Ayum Creek Habitat Restoration - Salmon And Large Woody Debris

Large Woody Debris put in place during Ayum Creek stream restoration

Ayum Creek is a good salmon stream, and like all good salmon habitat, it contains the trunks of large trees. In the creek assessment world these large trees are known as LWD, or Large Woody Debris, and their contribution to salmon streams is significant. The structure they provide is critical to the chum, coho, stealhead and trout that call Ayum creek home.

In less than 100 years of industrial logging in British Columbia, the majority of salmon-bearing coastal waterways went from pristine to extinct, threatened, or uncertain status. Prior to 1988, coastal streams were clear cut logged right to their banks. This starved the streams of the large, mature fallen trees (LWD) which are the primary structuring element in the habitat.

Once affected, degraded waterways can take decades or centuries to recover naturally. It would take about 100 - 200 years alone for the trees to grow large enough for what is required in a maximally functioning salmon stream. That is why stream rehabilitation projects often bring in mature trees (in the form of large logs) from elsewhere, and place them in strategic locations.

This LWD complex is anchored into the bank of lower Ayum Creek, and creates a deep, stable
pool that benefits spawning and juvenile chum and coho salmon

The loss of the large old-growth trees in stream channels with their massive rootwads as anchors, is the type of structure that cannot be easily duplicated in degraded riparian areas. It is the roots of fallen old growth trees that anchor the trees in place against the pressure of swollen winter waters. This is why cables anchoring woody complexes to streamside trees and instream boulders are used in restoration projects in leu of roots. 

The role wood played in providing the structures that salmon need was not established until the 1980s. At that time old growth trees and fallen LWD complexes were found to be of primary importance in, and along, salmon streams. They create structures that result in stable stream banks, deep pools of still water, and places for juvenile fish to hide from predators.

Bridge over Ayum Creek on the Galloping Goose Trail, looking west toward Sooke
Logging had other impacts including increased erosion, road failures, and landslides, all of which increase the sedimentation of salmon streams. Culverts blocked the free flow of fish, and wood was removed from streams as routine practice.

Ayum Creek was affected by development and industrial activity from the earliest days of Sooke. On the land logging was a mainstay of the community, and on the water the salmon fishery was heavily exploited. The Ayum Creek watershed had been used for thousands of years by the T'Sou-ke 1st Nations, but now just a few decades after colonization and industrialization, it had become degraded like so many other coastal waters. The salmon run was in peril.

Now much of the Ayum Creek watershed lies in protected regional park reserves. Their mandate focuses on preservation and enhancement of the natural environment of mixed forest and a biologically rich estuary.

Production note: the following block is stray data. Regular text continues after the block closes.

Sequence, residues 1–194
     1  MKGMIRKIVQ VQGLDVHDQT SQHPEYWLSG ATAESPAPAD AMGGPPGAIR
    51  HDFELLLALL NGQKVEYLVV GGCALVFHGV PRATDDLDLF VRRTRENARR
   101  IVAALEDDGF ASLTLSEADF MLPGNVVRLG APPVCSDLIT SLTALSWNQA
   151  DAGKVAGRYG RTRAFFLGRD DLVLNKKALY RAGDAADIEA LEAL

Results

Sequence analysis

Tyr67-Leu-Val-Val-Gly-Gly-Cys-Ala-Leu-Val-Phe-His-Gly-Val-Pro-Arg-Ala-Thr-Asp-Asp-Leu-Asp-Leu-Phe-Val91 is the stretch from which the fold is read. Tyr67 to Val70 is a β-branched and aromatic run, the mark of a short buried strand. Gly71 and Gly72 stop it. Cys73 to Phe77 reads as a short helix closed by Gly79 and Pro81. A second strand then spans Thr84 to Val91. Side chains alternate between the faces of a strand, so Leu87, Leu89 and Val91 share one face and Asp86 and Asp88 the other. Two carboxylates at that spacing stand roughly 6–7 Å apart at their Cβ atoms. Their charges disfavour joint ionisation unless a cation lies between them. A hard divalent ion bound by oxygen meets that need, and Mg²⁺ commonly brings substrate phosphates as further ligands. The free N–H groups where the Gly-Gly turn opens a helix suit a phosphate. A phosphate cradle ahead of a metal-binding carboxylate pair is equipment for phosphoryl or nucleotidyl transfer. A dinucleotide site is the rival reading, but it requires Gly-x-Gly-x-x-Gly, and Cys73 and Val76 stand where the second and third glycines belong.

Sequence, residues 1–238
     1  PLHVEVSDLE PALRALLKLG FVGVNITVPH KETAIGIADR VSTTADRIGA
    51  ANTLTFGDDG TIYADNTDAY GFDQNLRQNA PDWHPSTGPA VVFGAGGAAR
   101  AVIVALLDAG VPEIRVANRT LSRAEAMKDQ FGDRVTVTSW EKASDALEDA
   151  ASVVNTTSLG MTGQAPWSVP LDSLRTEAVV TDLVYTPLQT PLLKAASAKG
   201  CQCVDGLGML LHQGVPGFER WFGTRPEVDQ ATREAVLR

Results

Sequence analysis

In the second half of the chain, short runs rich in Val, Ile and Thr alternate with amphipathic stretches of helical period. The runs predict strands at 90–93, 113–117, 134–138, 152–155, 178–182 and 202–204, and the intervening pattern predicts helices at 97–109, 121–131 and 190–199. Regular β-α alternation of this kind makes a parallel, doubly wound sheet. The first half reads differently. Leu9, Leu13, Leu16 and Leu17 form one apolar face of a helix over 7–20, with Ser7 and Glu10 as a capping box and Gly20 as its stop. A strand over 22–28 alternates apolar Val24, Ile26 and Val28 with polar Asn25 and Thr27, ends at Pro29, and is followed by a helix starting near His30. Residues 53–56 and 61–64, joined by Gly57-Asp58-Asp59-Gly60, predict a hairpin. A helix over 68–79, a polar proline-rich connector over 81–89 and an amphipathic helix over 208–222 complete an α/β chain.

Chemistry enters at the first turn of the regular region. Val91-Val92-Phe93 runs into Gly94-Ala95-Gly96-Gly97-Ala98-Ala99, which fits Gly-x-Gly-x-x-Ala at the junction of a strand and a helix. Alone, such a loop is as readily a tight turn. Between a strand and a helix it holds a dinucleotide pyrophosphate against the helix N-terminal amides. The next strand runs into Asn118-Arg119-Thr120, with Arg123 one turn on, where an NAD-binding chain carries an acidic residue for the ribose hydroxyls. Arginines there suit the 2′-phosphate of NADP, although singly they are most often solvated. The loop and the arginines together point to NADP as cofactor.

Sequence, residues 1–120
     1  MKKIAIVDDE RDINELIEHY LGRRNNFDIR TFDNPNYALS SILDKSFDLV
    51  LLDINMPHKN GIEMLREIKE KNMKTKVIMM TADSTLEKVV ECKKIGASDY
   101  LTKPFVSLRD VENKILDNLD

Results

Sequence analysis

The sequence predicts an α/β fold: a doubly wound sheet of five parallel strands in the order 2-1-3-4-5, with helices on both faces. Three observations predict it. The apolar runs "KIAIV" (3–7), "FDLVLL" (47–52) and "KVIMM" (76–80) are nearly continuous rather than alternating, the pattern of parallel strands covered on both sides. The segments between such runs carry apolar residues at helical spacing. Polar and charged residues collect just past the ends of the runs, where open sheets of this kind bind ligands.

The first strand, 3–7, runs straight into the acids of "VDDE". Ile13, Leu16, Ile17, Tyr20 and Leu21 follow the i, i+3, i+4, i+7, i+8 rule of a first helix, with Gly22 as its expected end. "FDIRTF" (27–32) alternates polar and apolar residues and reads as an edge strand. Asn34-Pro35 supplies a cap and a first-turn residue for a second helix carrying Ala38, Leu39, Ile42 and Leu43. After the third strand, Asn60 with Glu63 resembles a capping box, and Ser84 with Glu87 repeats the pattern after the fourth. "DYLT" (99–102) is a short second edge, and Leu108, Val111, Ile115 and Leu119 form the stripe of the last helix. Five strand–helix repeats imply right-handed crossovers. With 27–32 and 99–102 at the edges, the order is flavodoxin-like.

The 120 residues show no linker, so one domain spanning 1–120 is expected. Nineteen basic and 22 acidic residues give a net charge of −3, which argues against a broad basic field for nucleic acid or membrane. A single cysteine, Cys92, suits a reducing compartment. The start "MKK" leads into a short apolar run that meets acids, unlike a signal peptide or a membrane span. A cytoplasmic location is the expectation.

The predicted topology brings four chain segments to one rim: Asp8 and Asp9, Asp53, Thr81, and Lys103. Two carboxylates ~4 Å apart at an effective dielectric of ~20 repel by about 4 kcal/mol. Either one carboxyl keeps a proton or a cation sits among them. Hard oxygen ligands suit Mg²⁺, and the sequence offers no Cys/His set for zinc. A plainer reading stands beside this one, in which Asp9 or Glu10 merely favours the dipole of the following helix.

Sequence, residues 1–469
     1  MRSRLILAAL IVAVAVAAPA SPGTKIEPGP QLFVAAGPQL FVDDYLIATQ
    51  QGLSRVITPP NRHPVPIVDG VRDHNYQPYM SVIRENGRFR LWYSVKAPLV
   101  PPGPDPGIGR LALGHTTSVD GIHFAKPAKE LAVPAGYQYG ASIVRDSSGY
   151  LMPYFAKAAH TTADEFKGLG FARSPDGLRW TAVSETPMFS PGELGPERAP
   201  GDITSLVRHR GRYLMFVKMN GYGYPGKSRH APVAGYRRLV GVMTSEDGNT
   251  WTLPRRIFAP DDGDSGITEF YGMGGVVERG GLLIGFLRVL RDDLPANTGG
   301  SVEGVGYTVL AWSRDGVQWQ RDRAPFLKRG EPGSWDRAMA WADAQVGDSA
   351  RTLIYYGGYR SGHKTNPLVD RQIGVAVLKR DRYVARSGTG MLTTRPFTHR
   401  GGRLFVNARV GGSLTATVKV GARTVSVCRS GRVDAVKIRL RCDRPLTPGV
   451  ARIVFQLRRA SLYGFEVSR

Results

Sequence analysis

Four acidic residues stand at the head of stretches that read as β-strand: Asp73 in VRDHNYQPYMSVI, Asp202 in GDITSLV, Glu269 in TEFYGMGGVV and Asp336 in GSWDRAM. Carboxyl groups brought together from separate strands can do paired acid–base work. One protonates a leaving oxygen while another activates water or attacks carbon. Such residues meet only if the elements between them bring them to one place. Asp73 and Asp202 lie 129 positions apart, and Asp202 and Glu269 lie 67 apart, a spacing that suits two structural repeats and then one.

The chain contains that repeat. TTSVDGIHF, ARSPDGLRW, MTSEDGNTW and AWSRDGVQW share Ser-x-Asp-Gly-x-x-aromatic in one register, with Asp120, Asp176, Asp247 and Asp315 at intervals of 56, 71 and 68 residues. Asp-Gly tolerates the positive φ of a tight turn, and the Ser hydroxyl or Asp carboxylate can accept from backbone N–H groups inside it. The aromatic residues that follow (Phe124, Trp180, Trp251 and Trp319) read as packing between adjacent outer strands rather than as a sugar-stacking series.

Part of the enhancements over the years have included watershed restoration projects, one of which has been the placement of LWD complexes in the creek to mimic the structure of fallen old growth trees that used to grow along the banks.

Something must be working, because there are some nice salmon returning to Ayum Creek every year, including the 2012 run.

Not only do the trees benefit the salmon, but the opposite is true as well. The nutrients that the salmon provide to the stream environment will enhance the growth of the nearby forest, ensuring future LWD for the fish. Those same nutrients are also important for the growth and survival of juvenile salmon.

Bigleaf maple leaves fall on Ayum Creek Bridge
In 1994 British Columbia implemented the Watershed Restoration Program to reverse habitat losses associated with past and new forest harvesting. This program helps to accelerate the restoration of affected watersheds, but will do little if not accompanied by making waterways off limits to future logging in perpetuity.

Watershed protection is the preferred, cost effective choice over watershed rehabilitation. It is just one more reason to protect our old growth forests, as well as the second growth forests that now dominate most coastal watersheds. Intact watersheds provide services that result in excellent water quality and habitat for salmon and many other living things.

Including humans.

Getting There

From Victoria, take the Old Island Highway/Highway 14/Sooke Road toward Sooke. Just before town look for Ludlow Road on your right. Turn here to hike to the bridge, or continue past Ludlow to turn left off the highway to park and hike to Sooke Basin via the forest trails.

Ayum Creek Regional Park Reserve currently has no services as nature preservation is the key here. There are several trails between Highway 14 and Sooke Basin, and the Galloping Goose Trail crosses a section of the park north of the highway.

Some of the lower Ayum Creek salmon habitat restoration can be viewed from the bridge on the Galloping Goose Trail where it crosses the creek. Looking toward Sooke Basin one can see both the LWD complex put in place, as well as the huge fish that hang out in the pool it created.

Limited parking is available on Ludlow Road, then walk west towards Sooke along the Galloping Goose to get to the bridge. To hike the lower creek to Sooke Basin, park on the south side of Highway 14 along the edge of the park reserve.

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